This recipe makes 4 litres of soap bubble solution, and allows you to make a LOT of bubbles. Fill a 4 litre plastic container about ¾ full with water. Add 325 ml of Classic Blue Dawn (or Classic Ivory) dishwashing soap to the water. Add 150 ml of glycerine (or corn syrup) to the water. Finish filling the container with water. Seal. Mix thoroughly and let settle for 24 hours before using. Measurements do not have to be exact. Bubble makers may be purchased commercially or handmade from straws, string, rope or by stretching out hangers. Use your imagination and other objects at home to create bubble wands. As long as you are able to completely immerse the object into the bubble solution, you should get some amazing bubbles. Bubbles are easiest to make on calm, damp days. Try making bubbles in the winter and see if you can hear the bubbles break! On dry days try adding a bit more water to you bubble solution.
Cornstarch Goop is a suspension of particles in water. Place 2 cups of cornstarch into a flat pan with sides. Add 1.5 cups of water to it and mix thoroughly with your hands, turning the mixture over and over repeatedly until all the water has mixed in.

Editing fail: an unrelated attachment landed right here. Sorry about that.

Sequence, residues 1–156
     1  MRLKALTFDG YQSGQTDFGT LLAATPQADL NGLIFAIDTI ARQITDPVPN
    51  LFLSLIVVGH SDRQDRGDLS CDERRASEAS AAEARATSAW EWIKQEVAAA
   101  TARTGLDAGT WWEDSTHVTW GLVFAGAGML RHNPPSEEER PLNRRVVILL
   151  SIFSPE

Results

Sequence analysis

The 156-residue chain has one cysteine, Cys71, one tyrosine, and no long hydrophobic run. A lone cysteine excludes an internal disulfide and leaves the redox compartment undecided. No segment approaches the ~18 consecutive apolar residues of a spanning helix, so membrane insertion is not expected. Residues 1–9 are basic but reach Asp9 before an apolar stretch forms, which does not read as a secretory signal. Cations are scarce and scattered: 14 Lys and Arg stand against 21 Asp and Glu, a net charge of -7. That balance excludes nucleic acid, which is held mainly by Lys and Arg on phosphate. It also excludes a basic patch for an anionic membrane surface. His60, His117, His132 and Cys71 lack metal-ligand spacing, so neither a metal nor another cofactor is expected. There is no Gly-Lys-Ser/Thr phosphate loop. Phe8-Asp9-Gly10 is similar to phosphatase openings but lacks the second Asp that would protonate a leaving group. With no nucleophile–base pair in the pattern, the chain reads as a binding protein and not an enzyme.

Touch the top of the Goop with one finger and SLOWLY push down. What happens? Next, QUICKLY slap the top of your Goop with an open hand. What happens? Place a penny on the surface of the Goop. Does it sink or float? Try to pick up some Goop. How does it feel now? Try to pick up some Goop and squeeze it. Now open your hand. What happens? Do you think Goop is more like a liquid or a solid? Could you walk on Goop? How? Cornstarch Goop is unusual because it has properties of both a liquid and a solid. Substances that act like this are called non-Newtonian fluids.
Goop Racing: Line up in two teams along both sides of a table outside. On both sides, place a container of Goop at one end and an empty container at the other end. You may only use your hands to lift as much as possible from the container at each side. On “go,” the first person in the team passes Goop to the next person, until it reaches the last person who places it in empty container. The team to fill the container first wins the game.
Using simple kitchen ingredients, it is easy to make a lava explosion. This may occur in a glass or a fancier form of a homemade volcano. Please note the food dye may stain, so work on a surface that will contain the lava flow and not be damaged. Place 50 ml of baking soda into a glass. In another glass mix a few ml (a squirt or two) of dishwashing soap and a few drops of food dye to 100 ml of vinegar. Pour the vinegar mixture into the baking soda, step back and enjoy. Experiment with different amounts of everything to see if you can create an even more impressive eruption.